An assumed business name is not a business’ legal name but the name it presents to the public or its “D/B/A.” North Carolina maintains a statewide database of assumed business names publicly accessible on the Secretary of State website. This database is meant to provide accessibility to consumers and streamline the process for filers who conduct business in multiple counties. This revised set of laws regulating the use and registration of assumed business names in North Carolina is codified in Chapter 66, Article 14A of the General Statutes, known as the “Assumed Business Name Act.” The Act became effective in December 2017 and provided a five-year transition period for all pre-existing assumed business name filers to re-file an assumed business name certificate. This means any assumed name certificate registered before December 1, 2017, will expire on December 1, 2022.
Businesses affected by this expiration must register a new Certificate of Assumed Name and pay a $26 fee before their certificate expires. If a business’ certificate of assumed name expires, the business cannot use the assumed name until a new certificate is filed. Businesses operating under an assumed name should also note the requirement to update the information in their filing within sixty days of it changing. The filing or updating of a certificate of assumed name can be done at your local register of deeds but allows filers to designate multiple counties for conducting business on a single filing. A separate filing in each county where business is conducted is not required. A current, accurate, and compliant assumed business name certificate is necessary to preserve the effectiveness of the assumed business name designation.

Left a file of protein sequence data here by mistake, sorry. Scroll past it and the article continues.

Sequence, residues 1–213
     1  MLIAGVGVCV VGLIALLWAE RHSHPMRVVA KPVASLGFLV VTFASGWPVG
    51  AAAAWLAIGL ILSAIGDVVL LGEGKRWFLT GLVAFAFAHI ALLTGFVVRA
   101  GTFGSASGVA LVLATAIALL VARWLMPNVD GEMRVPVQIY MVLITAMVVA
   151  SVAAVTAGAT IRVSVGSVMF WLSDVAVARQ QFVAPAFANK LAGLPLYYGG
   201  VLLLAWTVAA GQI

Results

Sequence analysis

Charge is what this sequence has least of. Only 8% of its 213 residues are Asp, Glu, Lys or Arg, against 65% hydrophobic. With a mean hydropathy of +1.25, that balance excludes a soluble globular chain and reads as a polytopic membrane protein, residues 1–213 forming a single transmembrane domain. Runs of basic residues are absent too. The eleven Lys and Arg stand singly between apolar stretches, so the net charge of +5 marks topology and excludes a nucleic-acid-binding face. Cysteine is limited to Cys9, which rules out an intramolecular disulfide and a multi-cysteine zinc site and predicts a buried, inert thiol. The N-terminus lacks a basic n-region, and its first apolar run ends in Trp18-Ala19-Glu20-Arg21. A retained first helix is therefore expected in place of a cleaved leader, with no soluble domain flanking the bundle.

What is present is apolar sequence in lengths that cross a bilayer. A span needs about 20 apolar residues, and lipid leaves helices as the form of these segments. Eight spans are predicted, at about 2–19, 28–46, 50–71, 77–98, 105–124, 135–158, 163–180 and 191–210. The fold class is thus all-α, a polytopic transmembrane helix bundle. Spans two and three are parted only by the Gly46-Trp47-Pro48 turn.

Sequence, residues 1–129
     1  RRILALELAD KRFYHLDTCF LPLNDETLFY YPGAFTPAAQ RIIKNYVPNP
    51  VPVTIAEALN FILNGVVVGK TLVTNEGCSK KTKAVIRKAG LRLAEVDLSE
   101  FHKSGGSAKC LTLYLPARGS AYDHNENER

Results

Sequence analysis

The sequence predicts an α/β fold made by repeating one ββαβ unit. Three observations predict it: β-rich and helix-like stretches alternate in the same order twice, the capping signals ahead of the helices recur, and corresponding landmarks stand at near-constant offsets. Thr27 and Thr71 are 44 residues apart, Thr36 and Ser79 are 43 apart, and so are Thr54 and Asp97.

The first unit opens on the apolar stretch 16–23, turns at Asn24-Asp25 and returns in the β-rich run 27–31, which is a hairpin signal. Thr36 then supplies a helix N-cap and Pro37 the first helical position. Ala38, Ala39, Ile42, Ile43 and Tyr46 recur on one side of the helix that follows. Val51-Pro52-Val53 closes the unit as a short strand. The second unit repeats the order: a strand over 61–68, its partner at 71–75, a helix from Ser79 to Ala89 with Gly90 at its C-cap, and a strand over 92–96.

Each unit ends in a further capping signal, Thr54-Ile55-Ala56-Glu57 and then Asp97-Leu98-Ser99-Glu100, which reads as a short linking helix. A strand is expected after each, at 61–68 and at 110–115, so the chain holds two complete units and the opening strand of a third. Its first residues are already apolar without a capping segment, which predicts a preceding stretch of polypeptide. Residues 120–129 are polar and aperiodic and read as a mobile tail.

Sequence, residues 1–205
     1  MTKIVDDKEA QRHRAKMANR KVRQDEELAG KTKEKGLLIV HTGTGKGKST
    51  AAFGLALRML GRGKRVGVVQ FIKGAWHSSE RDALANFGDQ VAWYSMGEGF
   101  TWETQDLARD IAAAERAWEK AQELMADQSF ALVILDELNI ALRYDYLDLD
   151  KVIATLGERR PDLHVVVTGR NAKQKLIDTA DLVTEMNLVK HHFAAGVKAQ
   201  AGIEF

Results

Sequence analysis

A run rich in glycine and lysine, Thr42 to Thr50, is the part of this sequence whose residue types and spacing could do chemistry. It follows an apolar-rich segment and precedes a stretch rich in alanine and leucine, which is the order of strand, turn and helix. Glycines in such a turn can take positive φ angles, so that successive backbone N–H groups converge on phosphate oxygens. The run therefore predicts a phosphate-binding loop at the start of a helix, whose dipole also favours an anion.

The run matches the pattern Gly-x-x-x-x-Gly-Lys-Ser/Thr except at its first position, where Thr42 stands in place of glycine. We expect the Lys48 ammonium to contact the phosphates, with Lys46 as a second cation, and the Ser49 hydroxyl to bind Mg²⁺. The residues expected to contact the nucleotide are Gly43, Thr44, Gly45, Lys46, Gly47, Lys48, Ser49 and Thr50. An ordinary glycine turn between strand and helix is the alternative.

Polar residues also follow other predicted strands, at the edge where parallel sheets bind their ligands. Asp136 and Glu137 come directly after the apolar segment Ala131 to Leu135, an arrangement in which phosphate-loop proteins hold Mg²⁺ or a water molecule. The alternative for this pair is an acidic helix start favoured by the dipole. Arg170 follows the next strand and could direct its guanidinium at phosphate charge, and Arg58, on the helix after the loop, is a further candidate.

For more information and to access Assumed Business Name Forms, visit: https://www.sosnc.gov/divisions/business_registration/assumed_business_names
Melissa Tulis is an associate in the firm’s Creditors’ Rights and Collections practice group, representing a broad range of businesses in North and South Carolina through all stages of the collection litigation process, including pre-suit collection efforts, lawsuits, judgments, and executions....LEARN MORE